False Positives from Personal Radical Shield?

Q I have never smoked in my life, yet a recent urine test showed that I’m a smoker! Could the use of Personal Radical Shield have anything to do with this bogus result?

CHERYL, Houston

A Virtually all lab tests are subject to a certain percentage of false positives. In tests for tobacco, certain drugs, and certain dietary substances, such as isoniazid, high doses of niacin or other substances with a similar molecular structure may interfere with the assay and cause false positives.1 Personal Radical Shield contains niacin (also known as nicotinic acid because it’s an oxidation product of nicotine), a B-vitamin that serves many purposes in the body. The way to handle your situation is to insist on a test that measures carbon monoxide levels in expired air or in the blood, or on any other test that does not rely on the measurement of nicotine or its metabolites in the urine.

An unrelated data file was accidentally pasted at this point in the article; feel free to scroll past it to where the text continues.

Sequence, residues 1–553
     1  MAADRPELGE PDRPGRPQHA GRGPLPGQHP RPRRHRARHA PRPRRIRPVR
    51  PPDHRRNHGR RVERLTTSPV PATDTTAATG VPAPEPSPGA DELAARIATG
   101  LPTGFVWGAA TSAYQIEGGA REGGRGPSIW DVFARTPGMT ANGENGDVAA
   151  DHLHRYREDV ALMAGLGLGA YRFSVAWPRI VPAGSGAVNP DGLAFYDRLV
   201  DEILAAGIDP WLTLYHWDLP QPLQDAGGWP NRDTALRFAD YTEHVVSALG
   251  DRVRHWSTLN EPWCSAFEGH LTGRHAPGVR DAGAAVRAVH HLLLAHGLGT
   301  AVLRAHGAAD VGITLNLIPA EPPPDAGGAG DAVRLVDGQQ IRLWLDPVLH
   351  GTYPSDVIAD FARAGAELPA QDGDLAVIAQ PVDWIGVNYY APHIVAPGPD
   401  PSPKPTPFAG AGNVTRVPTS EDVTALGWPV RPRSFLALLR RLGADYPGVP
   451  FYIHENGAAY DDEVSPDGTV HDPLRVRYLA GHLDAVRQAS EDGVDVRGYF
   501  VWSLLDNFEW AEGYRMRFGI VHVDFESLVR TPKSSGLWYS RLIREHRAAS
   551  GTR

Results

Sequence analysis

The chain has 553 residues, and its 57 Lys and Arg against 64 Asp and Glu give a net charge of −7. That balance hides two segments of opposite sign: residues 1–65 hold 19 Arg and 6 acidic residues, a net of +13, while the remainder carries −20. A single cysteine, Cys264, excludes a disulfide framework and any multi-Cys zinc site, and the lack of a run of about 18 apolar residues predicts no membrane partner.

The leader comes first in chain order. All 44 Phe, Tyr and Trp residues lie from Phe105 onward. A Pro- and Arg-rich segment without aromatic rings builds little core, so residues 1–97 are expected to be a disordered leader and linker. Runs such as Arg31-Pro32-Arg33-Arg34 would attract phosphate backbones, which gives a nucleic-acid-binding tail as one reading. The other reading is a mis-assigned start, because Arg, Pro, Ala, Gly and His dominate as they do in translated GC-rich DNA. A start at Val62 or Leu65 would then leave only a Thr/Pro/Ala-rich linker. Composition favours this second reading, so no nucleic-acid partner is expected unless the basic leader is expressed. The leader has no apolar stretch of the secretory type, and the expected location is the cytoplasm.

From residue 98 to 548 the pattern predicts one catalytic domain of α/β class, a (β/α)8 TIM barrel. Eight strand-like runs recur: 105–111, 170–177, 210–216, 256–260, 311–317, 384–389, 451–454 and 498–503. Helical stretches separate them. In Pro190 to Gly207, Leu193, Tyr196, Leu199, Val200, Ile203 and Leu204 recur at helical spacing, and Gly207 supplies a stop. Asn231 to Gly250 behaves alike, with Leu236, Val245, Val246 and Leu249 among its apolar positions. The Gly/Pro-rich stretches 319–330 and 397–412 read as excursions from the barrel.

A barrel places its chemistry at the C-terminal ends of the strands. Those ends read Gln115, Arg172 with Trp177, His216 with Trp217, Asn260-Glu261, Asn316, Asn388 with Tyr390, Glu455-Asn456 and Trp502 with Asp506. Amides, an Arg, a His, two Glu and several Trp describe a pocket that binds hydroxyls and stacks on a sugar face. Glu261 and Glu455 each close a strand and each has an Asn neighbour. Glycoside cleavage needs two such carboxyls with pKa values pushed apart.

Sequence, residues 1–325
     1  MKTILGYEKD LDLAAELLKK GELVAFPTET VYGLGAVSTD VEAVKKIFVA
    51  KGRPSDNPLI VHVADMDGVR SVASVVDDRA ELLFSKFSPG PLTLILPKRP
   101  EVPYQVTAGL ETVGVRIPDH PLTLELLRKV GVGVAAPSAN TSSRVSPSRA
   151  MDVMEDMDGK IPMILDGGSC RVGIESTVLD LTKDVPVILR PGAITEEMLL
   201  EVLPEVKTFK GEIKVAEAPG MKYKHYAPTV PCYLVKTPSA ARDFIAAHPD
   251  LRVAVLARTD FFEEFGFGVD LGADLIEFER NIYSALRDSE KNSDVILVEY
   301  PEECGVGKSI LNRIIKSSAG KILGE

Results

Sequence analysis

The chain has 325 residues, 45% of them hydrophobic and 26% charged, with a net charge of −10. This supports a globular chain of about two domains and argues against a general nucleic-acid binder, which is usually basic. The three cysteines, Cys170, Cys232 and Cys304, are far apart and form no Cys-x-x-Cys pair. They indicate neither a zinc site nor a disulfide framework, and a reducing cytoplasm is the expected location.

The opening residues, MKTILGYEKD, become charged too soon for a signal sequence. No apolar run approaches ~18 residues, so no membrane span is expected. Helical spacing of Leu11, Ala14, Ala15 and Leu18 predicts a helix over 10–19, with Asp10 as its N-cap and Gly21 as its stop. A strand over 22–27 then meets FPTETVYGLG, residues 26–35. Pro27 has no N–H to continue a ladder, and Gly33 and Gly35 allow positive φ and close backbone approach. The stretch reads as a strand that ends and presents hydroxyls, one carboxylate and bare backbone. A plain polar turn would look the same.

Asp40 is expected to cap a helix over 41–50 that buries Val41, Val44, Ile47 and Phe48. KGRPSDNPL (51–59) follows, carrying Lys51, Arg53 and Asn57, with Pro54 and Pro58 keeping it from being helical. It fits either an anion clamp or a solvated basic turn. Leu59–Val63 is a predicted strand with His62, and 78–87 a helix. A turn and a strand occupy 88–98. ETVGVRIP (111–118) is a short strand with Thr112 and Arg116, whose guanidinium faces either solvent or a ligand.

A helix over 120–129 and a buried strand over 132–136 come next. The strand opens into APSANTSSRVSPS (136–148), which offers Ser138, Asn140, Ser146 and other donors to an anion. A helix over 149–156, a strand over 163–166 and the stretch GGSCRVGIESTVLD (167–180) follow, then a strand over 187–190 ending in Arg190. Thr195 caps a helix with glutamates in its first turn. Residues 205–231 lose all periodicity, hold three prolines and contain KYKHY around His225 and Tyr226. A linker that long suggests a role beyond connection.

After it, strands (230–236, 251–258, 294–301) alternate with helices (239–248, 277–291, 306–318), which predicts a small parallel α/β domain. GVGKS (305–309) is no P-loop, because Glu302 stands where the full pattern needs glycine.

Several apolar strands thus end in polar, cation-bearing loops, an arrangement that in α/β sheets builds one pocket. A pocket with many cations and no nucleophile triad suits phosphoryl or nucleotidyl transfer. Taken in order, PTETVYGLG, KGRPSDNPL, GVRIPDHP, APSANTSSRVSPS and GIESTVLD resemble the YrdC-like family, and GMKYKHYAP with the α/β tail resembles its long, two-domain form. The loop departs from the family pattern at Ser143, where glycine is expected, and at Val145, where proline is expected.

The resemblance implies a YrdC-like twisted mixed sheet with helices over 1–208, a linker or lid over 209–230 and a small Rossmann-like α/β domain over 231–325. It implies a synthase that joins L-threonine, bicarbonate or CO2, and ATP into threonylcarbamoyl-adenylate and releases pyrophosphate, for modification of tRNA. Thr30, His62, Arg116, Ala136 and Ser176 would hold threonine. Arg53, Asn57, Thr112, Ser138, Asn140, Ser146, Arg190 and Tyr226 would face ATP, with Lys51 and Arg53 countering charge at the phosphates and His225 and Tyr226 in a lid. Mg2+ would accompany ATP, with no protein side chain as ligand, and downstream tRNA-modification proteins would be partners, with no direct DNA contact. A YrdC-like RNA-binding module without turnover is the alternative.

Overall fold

Reference

  • SRNT Subcommittee on Biochemical Verification. Biochemical verification of tobacco use and cessation. Nicotine Tob Res 2002 May;4(2):149-59.

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